How many different cuboids can you make when you use four CDs or DVDs? How about using five, then six?

Take a rectangle of paper and fold it in half, and half again, to make four smaller rectangles. How many different ways can you fold it up?

Can you cut up a square in the way shown and make the pieces into a triangle?

What are the next three numbers in this sequence? Can you explain why are they called pyramid numbers?

One face of a regular tetrahedron is painted blue and each of the remaining faces are painted using one of the colours red, green or yellow. How many different possibilities are there?

This challenge involves eight three-cube models made from interlocking cubes. Investigate different ways of putting the models together then compare your constructions.

Can you work out how many cubes were used to make this open box? What size of open box could you make if you had 112 cubes?

Design an arrangement of display boards in the school hall which fits the requirements of different people.

Paint a stripe on a cardboard roll. Can you predict what will happen when it is rolled across a sheet of paper?

Make a cube out of straws and have a go at this practical challenge.

Looking at the picture of this Jomista Mat, can you decribe what you see? Why not try and make one yourself?

Can you visualise what shape this piece of paper will make when it is folded?

Use the lines on this figure to show how the square can be divided into 2 halves, 3 thirds, 6 sixths and 9 ninths.

How will you go about finding all the jigsaw pieces that have one peg and one hole?

10 space travellers are waiting to board their spaceships. There are two rows of seats in the waiting room. Using the rules, where are they all sitting? Can you find all the possible ways?

What happens to the area of a square if you double the length of the sides? Try the same thing with rectangles, diamonds and other shapes. How do the four smaller ones fit into the larger one?

Have a look at what happens when you pull a reef knot and a granny knot tight. Which do you think is best for securing things together? Why?

Can you shunt the trucks so that the Cattle truck and the Sheep truck change places and the Engine is back on the main line?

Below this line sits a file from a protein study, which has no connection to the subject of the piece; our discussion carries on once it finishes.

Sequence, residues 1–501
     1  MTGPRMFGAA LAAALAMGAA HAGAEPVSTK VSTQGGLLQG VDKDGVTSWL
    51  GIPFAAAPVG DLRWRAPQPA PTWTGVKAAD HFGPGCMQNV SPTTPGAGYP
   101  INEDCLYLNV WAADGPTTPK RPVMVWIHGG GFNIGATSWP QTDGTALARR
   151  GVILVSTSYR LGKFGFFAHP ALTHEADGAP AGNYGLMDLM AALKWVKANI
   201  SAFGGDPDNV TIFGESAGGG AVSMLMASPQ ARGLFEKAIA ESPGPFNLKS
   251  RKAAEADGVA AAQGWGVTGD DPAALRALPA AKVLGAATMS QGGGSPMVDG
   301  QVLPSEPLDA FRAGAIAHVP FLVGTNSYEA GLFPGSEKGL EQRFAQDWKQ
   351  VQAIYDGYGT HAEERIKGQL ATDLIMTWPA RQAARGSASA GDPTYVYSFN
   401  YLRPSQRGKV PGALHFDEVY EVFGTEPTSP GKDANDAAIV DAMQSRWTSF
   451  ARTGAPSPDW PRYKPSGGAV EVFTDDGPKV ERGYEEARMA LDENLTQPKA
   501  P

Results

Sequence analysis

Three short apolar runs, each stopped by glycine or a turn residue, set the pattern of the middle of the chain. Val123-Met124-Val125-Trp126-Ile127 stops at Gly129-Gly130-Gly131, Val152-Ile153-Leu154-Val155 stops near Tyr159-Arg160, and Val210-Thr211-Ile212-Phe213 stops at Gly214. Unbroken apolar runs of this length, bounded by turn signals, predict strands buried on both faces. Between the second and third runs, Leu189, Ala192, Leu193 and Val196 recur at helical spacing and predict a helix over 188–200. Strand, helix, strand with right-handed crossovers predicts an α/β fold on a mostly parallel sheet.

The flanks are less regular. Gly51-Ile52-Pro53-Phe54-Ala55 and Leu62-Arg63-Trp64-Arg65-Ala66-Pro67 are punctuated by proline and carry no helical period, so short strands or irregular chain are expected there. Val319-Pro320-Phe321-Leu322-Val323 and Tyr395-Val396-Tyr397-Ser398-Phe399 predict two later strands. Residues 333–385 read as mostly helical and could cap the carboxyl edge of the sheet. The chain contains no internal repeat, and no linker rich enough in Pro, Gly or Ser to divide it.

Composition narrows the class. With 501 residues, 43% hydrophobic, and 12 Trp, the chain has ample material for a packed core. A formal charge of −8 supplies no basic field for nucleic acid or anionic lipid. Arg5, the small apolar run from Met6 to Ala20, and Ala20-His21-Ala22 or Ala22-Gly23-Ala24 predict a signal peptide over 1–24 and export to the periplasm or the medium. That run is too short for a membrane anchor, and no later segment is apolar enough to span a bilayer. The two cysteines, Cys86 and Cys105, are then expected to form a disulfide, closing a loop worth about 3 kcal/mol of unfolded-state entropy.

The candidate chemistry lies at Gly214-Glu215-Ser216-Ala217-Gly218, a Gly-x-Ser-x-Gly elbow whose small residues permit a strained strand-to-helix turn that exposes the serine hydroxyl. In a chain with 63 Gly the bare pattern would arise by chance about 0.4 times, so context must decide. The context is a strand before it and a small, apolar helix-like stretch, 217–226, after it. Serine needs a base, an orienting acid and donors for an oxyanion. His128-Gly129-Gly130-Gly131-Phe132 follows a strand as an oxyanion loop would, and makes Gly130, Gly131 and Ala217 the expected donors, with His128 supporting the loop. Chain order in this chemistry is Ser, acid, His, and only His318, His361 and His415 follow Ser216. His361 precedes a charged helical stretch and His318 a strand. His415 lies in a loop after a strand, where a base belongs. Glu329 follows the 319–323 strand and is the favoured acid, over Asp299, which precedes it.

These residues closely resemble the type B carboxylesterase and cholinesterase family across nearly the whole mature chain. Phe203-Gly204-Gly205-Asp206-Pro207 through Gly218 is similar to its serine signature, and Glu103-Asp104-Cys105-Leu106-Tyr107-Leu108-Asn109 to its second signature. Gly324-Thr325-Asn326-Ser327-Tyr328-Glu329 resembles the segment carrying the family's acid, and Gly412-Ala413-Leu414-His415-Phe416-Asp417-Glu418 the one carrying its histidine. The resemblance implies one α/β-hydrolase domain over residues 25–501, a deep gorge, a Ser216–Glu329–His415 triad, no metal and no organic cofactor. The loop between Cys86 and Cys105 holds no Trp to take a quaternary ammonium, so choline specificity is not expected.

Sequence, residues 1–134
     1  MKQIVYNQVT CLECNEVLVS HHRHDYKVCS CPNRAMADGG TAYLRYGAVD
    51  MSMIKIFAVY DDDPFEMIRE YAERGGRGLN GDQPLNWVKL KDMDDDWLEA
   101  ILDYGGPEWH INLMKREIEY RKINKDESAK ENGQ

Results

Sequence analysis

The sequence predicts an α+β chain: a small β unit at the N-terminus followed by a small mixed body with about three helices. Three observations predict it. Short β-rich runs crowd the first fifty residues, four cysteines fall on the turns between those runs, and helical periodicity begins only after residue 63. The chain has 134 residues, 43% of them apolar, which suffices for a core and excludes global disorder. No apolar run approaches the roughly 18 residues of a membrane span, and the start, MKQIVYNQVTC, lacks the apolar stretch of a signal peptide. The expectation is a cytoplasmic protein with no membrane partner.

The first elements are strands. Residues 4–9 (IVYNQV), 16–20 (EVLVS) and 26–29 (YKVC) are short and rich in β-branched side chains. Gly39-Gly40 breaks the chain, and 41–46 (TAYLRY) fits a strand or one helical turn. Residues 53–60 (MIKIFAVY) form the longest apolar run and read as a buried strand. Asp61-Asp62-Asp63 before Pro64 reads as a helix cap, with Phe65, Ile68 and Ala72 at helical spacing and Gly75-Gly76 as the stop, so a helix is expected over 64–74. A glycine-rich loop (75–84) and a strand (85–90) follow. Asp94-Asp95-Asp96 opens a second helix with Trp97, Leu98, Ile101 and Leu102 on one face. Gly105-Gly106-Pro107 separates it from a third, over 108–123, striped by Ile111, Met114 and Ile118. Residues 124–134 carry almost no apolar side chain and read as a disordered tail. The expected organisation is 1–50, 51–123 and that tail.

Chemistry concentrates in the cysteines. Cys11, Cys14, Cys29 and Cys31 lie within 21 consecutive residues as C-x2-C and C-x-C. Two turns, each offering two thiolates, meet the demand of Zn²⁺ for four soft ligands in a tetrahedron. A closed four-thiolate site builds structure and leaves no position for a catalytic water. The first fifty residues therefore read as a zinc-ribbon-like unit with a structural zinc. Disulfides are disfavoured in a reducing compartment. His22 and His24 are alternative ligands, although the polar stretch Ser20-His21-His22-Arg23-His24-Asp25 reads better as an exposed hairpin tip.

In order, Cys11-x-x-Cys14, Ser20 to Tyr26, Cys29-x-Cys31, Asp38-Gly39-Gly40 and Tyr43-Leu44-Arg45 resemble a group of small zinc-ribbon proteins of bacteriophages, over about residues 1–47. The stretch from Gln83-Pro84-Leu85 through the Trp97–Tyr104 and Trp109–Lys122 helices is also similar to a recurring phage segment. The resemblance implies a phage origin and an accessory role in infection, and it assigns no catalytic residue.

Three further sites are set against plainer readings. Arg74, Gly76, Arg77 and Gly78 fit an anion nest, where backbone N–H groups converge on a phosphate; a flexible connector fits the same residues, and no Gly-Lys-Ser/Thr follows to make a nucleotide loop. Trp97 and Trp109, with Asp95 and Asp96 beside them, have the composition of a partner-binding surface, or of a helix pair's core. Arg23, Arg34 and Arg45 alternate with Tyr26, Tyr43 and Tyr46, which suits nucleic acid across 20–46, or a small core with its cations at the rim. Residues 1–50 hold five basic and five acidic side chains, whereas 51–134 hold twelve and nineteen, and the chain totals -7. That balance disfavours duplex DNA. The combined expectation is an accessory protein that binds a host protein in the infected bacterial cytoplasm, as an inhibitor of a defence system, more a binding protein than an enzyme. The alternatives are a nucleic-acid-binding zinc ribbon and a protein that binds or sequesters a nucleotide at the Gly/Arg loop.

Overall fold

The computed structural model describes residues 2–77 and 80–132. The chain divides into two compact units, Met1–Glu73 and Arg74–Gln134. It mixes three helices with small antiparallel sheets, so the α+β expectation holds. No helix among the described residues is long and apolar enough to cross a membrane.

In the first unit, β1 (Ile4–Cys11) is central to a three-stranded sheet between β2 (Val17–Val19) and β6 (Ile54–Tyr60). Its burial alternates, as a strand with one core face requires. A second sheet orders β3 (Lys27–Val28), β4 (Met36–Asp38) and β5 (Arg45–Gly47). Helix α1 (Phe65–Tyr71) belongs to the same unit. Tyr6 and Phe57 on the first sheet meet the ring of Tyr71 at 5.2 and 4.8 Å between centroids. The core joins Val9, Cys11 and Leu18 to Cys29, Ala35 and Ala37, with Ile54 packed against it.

What is the best way to shunt these carriages so that each train can continue its journey?

Here's a simple way to make a Tangram without any measuring or ruling lines.

Can you work out what shape is made by folding in this way? Why not create some patterns using this shape but in different sizes?

Choose a box and work out the smallest rectangle of paper needed to wrap it so that it is completely covered.

Here are more buildings to picture in your mind's eye. Watch out - they become quite complicated!

Can you work out what kind of rotation produced this pattern of pegs in our pegboard?

What is the relationship between these first two shapes? Which shape relates to the third one in the same way? Can you explain why?

Building up a simple Celtic knot. Try the interactivity or download the cards or have a go on squared paper.

Can you fit the tangram pieces into the outline of these rabbits?

Can you fit the tangram pieces into the outline of the telescope and microscope?

How can you paint the faces of these eight cubes so they can be put together to make a 2 x 2 cube that is green all over AND a 2 x 2 cube that is yellow all over?

Can you fit the tangram pieces into the outline of Mai Ling?

A game has a special dice with a colour spot on each face. These three pictures show different views of the same dice. What colour is opposite blue?

I've made some cubes and some cubes with holes in. This challenge invites you to explore the difference in the number of small cubes I've used. Can you see any patterns?

Can you fit the tangram pieces into the outline of Wai Ping, Wah Ming and Chi Wing?

Can you use the interactive to complete the tangrams in the shape of butterflies?

An activity centred around observations of dots and how we visualise number arrangement patterns.

Can you fit the tangram pieces into the outline of the rocket?

On which of these shapes can you trace a path along all of its edges, without going over any edge twice?

Can you fit the tangram pieces into the outlines of these clocks?

Can you fit the tangram pieces into the outline of the child walking home from school?

Can you fit the tangram pieces into the outlines of the lobster, yacht and cyclist?

Can you fit the tangram pieces into the outline of Granma T?

Can you fit the tangram pieces into the outlines of these people?

Can you fit the tangram pieces into the outline of Little Fung at the table?

Can you fit the tangram pieces into the outline of Little Ming playing the board game?

Can you fit the tangram pieces into the outline of this telephone?

Can you fit the tangram pieces into the silhouette of the junk?

This article looks at levels of geometric thinking and the types of activities required to develop this thinking.

These points all mark the vertices (corners) of ten hidden squares. Can you find the 10 hidden squares?

Can you fit the tangram pieces into the outline of these convex shapes?

Can you fit the tangram pieces into the outline of Little Ming and Little Fung dancing?